aka Portland (2), days 23 and 24
I joined my couchsurfing hostess, Julie, and some of her friends (and their sons) for a Beavers minor league game in Portland. I chased down a foul ball and gave it to one of the boys, but then felt bad that the other boy didn’t get one. So I went up to the rail by third base and somehow ended up with a second foul ball for the other kid. “Good job,” said Julie. Beavers lost but Thirsty Thursday drink specials meant having fun wasn’t all about the score. Personal highlight was convincing the mascot to “show some leg.”
Days 22 and 23
In which I travel with Reed from Berkeley to Portland. We camp in Redwood National Forest, just off the road to Gold Bluffs Beach Campground. In the morning Reed slows down to look at some Elk and accidentally picks up a pair of hitchhikers named Steve and Steven. They smell awful, but will travel with us until Eugene, OR, which they will claim as their home. Reed then proceeds to drop me off in Portland and continues on his way to Bellingham, WA.
(why am I writing in this weird tense?)
-Sunrise through the Redwoods near Crescent City.
-Dense fog rolled in late evening while driving on Coast Highway 1.
-Reed cruises around in a handicap scooter while getting groceries at Ray’s Food Place in McKinleyville before we get to our campsite.
-Reed and I in the pitch black Redwood Forest. 30 sec exposure, lit by headlamps.
-Reed and his trusty (though overdue for an oil change) Subaru at the campsite.
-We pick up ‘the Steve’s’ along the Redwood Highway just before Jebediah Smith Redwood State Park.
-Pacific overlook along Coast Highway 1.
My sister-from-another-mother, Erin Korsmo, is working as a fact-checker at San Francisco Magazine this term and invited me to visit her and her sister, Gretchen, who is attending UC Berkeley. Wonderful hosts, even as they got ready to start work/school. To do my part, I helped assemble IKEA furniture and scope out nearby eateries. The prize jewel turned out to be King Pin Donuts. omg. Also came across an amazing duel exhibit at the SF Museum of Modern Art: Richard Avedon and Ansel Adams/Gerogia O’Keeffe.
-Erin watches out the window as Gretchen gets some cash from an ATM in San Francisco.
-Ticket-taker at the San Fransisco Museum of Modern Art waits for visitors near the entrance to the main staircase.
-The SFMOMA exhibit “Avedon: The Photographs” includes several larger-than-life portraits from the “In The American West” project, shot between 1979 and 1985.
-A worker at King Pin donuts in the “Asian Ghetto” of Berkeley adds chocolate frosting to fresh raised donuts.
-Students on the UC Berkeley campus check the Student Activities & Notices board during freshman orientation week.
-An evening view of downtown San Francisco on Market street.
While Andrew got settled into his new life in Los Angeles, we were was able to see a bit of LA/Santa Monica/Hollywood/Manhattan Beach. This climate is incredibly easy to get used to, especially in late summer.
-Old military canon at Palisades Park, Santa Monica.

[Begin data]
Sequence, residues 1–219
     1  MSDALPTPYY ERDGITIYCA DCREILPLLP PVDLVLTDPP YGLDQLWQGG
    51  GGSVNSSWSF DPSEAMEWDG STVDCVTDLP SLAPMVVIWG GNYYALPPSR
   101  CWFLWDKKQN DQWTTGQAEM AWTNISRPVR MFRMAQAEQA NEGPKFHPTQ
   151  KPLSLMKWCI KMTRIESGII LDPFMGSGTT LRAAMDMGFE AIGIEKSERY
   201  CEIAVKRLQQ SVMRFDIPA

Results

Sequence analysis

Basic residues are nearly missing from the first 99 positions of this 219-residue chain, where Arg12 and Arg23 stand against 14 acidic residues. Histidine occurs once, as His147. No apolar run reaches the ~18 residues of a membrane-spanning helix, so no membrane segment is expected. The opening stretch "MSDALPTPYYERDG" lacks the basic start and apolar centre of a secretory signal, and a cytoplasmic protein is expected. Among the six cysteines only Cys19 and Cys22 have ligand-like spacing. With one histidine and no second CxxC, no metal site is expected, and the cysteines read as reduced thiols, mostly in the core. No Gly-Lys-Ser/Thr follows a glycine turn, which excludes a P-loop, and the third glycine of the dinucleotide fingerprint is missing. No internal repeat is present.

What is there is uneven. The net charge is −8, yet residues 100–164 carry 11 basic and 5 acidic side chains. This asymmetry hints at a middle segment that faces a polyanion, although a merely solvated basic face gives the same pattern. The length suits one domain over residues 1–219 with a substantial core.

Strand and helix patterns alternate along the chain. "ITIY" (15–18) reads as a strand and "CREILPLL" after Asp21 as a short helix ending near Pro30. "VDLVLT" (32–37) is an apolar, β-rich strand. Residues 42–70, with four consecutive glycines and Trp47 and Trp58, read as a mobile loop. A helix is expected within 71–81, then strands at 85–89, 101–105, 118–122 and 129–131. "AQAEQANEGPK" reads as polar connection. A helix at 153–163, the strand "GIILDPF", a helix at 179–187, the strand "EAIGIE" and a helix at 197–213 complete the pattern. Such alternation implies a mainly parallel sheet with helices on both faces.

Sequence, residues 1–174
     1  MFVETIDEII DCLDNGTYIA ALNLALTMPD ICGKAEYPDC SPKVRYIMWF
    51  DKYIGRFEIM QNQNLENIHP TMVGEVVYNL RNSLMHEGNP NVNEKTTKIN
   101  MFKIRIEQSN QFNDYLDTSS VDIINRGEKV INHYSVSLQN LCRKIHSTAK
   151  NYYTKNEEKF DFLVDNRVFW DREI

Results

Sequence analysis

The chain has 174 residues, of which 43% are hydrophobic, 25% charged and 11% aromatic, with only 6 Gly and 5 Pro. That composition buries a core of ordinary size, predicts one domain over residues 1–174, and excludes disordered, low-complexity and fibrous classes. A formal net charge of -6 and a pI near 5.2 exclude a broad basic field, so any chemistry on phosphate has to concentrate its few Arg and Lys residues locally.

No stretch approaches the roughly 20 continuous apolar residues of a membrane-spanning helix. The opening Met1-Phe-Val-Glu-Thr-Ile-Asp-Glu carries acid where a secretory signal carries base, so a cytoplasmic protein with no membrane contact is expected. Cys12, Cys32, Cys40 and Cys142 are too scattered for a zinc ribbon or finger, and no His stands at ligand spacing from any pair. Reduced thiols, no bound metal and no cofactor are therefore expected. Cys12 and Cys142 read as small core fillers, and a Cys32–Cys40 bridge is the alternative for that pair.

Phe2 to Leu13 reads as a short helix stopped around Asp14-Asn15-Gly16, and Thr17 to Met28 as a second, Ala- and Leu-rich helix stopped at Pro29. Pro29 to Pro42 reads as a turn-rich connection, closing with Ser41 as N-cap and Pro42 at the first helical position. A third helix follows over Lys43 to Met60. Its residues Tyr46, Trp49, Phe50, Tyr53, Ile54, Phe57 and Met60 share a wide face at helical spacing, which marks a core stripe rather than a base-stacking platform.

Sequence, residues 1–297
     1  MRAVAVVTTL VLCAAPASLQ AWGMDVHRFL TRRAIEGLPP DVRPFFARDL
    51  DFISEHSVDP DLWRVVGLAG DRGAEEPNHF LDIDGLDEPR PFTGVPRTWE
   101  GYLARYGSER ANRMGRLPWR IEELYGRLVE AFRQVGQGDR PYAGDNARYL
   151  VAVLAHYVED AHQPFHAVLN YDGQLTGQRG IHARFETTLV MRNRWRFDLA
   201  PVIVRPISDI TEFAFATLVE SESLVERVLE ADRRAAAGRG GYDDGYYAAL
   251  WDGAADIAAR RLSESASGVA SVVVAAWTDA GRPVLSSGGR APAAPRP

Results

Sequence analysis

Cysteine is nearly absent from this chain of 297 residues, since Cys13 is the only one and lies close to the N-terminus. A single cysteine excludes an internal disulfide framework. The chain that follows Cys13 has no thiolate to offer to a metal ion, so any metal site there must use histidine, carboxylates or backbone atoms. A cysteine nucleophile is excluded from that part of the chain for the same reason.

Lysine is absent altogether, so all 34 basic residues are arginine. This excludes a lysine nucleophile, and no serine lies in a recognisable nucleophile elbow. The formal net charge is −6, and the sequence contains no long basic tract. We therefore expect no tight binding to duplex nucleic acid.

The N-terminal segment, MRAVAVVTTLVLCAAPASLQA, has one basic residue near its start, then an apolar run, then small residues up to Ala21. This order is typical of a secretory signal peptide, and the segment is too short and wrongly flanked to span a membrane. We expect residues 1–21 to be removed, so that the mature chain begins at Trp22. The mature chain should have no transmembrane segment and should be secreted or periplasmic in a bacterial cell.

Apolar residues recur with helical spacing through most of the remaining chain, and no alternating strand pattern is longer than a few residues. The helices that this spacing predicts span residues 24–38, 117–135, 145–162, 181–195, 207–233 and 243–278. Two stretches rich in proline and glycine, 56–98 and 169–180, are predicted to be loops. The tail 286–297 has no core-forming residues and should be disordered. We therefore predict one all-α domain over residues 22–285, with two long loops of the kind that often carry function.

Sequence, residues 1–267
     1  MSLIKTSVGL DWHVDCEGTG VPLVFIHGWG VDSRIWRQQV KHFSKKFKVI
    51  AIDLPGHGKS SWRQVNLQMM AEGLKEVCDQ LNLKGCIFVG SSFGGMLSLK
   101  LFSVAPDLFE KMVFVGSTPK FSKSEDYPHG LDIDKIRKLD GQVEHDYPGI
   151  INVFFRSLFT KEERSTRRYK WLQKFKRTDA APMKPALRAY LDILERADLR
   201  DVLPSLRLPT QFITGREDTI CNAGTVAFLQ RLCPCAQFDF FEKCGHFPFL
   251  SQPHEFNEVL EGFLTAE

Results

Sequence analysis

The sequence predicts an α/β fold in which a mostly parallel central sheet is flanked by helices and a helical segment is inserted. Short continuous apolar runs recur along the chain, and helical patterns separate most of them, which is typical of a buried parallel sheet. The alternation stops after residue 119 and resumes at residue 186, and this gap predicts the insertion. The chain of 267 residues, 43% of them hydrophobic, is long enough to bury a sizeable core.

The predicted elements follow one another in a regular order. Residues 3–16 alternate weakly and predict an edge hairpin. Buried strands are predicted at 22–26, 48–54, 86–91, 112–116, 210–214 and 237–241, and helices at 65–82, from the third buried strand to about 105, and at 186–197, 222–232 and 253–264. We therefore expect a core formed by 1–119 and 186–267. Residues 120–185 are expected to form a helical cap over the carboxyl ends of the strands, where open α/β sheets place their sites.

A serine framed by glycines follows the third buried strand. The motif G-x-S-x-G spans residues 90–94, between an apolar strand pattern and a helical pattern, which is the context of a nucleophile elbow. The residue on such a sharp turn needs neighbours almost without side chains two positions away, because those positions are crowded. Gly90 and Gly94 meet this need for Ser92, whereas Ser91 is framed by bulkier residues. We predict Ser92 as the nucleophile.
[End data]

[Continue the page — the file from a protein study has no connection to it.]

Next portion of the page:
-Elliott Smith memorial on Sunset Blvd., Los Angeles.
-Marissa and Manuel on the 3rd Street Promenade, Santa Monica.
-Boy playing in the surf at sunset, Manhattan Beach.
-My feet. Manhattan Beach.
-Couple leaving the beach after sunset, Manhattan Beach.
Days 11 and 12
This one is coming out of order (the trip started in Minneapolis and will hopefully end in Portland) but I had a few shots from Las Vegas that I wanted to put up. Andrew and I decided to see how much of the city we could see/experience without spending any money. While we didn’t quite keep stick to our budget, we did find a few 2 for 1 drink deals and clubs with free cover. And of course hanging out with street performers is always a fun option.
Days 10 and 11
Things you didn’t know about Utah:
1) Utah’s state cooking pot is the dutch oven.
2) Sixty percent of Utah’s land is owned by the federal government.
3) Even though it is completely landlocked, Utah’s state bird is the sea gull.
4) Utah’s state rock is coal.
5) The first transcontinental railroad line was completed when the “golden spike” was driven into the tracks at Promontory, Utah, in 1869.
6) The Mormon Temple in Salt Lake City took 40 years to complete.
7) Kanab is known as Utah’s Little Hollywood because of the large number of motion pictures that are filmed in the area.
8) Utah has the highest literacy rate in the nation. (note: I double-checked this and found that the United States is tied at #17 for worldwide literacy rates, assigned a default 99% literacy because it isn’t regularly measured. However, Utah has around 94% literacy, which, if it were actually the highest in the nation, would drop the US to at least #69 in global rankings, just under Fiji at 94.4%. Interesting…)
-A tourist looks at rock formations in Bryce Canyon.
-Blank outdoor board along in highway near Green River.
-A boy stacks rocks that mirror the natural formations in Bryce Canyon.
-Goldsworthy-esque creations left by creative visitors.
-Highway toward the Windows Area of Arches National Park.
-Andrew Crawford bouldering under the afternoon sun in Arches.
-Sunset over the desert seen from I-70 past Green River.
…has a lot of mountains. And I grossly underestimated their grandiosity.
Pictures of or relating to the mountains:
-Andrew Crawford hiking the 9-mile Lost Man Trail near Aspen, CO.
-What I believe to be a marmot, making a high-pitched “squeak” call to his friends, seen along the Lost Man Trail.
-Bumper stickers on a truck that belongs to someone who seems to enjoy being outside, in Leadville, CO.
-A lonely tree growing atop a rock formation on the Gem Lake Trail, just north of Estes Park, CO.
-Sunset in Estes Park, CO.